In my environment, well behaved builds use compilers and build time dependencies that have either been checked into source control, or stored in some zipped archive somewhere.  These are copied / unpacked (but not "installed") to the local machine in an early step.  These are cached between builds, but the machines are still reimaged on a fairly frequent basis (once a week-ish).

My users regularly complain about transfer time for the compilers and build time dependencies, as well as the disk usage.  That's probably more the build system's fault than anything else, as it has a bad tendency of pulling down way more dependencies than it actually needs (like Linux only dependencies, even during a Windows build), but the complaints exist nonetheless.

On Fri, Jun 2, 2023 at 4:47 PM René Ferdinand Rivera Morell via SG15 <> wrote:
On Fri, Jun 2, 2023 at 2:38 PM Tom Honermann <> wrote:
> On 6/2/23 2:52 PM, René Ferdinand Rivera Morell via SG15 wrote:
> > I'll need to do some research on the possibility of having side data
> > as a mechanism. I.e. go find out how it would work in the variety of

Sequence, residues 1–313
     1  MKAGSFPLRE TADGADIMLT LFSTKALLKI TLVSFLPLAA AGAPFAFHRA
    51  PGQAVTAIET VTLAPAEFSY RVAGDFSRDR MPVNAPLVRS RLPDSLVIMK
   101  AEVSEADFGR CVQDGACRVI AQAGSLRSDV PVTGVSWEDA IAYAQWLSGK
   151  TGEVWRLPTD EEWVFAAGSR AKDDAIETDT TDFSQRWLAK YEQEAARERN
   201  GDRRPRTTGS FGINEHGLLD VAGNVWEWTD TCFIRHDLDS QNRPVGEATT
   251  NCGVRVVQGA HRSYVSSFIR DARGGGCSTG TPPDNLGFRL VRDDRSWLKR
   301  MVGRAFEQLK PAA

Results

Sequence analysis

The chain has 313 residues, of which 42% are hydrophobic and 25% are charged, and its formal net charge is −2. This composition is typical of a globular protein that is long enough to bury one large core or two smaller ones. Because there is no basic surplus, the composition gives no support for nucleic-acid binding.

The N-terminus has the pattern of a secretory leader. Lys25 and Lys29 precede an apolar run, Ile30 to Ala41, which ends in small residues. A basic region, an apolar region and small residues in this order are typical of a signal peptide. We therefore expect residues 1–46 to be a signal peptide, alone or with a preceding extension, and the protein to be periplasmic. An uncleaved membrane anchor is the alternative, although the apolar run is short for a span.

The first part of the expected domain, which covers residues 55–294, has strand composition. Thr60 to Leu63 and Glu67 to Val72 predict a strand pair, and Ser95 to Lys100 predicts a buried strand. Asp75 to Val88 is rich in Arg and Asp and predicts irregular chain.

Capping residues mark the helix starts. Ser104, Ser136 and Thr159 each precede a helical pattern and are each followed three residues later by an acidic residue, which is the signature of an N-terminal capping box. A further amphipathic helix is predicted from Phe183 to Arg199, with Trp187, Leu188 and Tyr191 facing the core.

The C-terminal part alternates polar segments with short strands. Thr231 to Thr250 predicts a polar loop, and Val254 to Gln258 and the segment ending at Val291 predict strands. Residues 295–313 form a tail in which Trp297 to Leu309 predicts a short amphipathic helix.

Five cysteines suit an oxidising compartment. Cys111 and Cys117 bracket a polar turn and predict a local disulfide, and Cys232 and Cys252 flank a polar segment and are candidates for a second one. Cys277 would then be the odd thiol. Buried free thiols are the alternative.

> > build, packaging, and compiler tools that are available. But I'm
> > wondering, since both Gaby and Olga mentioned it, if you can give
> > examples of running such tools in size constrained environments and
> > multiple tools needing to communicate. As I'm not familiar with
> > running compilers, build systems, and package managers outside of
> > desktop environments.
> CI deployments are often configured such that development tools are
> deployed into a fresh OS image as part of job processing. The smaller
> the size of the tools, the lower the setup overhead, the faster the job
> throughput.

Interesting.. The CI systems I work with are either in-house to build
rather large Unreal Engine based projects, or cloud based ones to
build & test (in comparison) small projects like Boost C++ Libraries.
For the former the size & resources doesn't matter at the scale of
adding a command line option in a tool having an impact on anything.
As everything is pre-installed as it's impractical to do otherwise.
And as some parts of it run in a local network distributed compute
structure. For the cloud based ones, yes, most of the setup of OS and
tools is pre-imaged somehow. So I guess I'm trying to understand what
you mean by "fresh OS image". Does that mean you install an empty OS
and then fresh install tools and then build/test? Something else?

-- René Ferdinand Rivera Morell
-- Don't Assume Anything  -- No Supone Nada
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